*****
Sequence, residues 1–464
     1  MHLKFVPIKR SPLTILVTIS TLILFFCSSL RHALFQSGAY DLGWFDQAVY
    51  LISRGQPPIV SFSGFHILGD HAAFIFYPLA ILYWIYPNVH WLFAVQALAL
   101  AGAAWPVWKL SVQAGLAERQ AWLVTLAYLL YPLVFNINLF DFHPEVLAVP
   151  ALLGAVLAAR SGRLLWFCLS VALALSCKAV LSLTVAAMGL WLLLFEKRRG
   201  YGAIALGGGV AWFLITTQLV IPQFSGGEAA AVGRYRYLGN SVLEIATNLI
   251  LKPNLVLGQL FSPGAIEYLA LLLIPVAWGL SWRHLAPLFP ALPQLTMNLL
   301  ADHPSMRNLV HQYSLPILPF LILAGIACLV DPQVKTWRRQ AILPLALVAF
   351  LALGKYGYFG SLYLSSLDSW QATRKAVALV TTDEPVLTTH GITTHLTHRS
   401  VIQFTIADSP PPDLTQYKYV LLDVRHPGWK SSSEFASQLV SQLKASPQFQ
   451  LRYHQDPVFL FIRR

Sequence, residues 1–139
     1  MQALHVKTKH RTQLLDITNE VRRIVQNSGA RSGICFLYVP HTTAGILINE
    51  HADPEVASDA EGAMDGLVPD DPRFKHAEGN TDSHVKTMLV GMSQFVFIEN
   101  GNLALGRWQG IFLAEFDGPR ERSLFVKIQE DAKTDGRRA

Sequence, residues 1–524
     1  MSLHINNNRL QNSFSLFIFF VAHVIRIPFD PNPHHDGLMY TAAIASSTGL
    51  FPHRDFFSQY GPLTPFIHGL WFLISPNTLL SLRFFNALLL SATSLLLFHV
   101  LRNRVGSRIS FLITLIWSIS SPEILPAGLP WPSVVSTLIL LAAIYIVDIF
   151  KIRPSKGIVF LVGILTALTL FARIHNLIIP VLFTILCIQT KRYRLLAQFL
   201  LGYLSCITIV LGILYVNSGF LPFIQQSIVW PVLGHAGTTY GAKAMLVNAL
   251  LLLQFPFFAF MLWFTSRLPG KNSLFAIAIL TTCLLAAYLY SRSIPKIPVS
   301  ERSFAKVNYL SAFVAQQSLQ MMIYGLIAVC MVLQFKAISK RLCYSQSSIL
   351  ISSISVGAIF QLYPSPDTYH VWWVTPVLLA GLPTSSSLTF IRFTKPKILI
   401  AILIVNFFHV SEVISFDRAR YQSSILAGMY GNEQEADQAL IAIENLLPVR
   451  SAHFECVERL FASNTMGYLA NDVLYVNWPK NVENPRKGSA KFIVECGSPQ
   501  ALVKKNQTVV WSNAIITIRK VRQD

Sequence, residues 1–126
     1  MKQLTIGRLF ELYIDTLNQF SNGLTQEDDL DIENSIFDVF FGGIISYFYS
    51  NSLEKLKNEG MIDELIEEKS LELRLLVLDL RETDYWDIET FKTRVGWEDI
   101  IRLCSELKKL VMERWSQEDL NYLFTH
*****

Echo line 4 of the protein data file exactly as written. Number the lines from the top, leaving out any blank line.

   101  AGAAWPVWKL SVQAGLAERQ AWLVTLAYLL YPLVFNINLF DFHPEVLAVP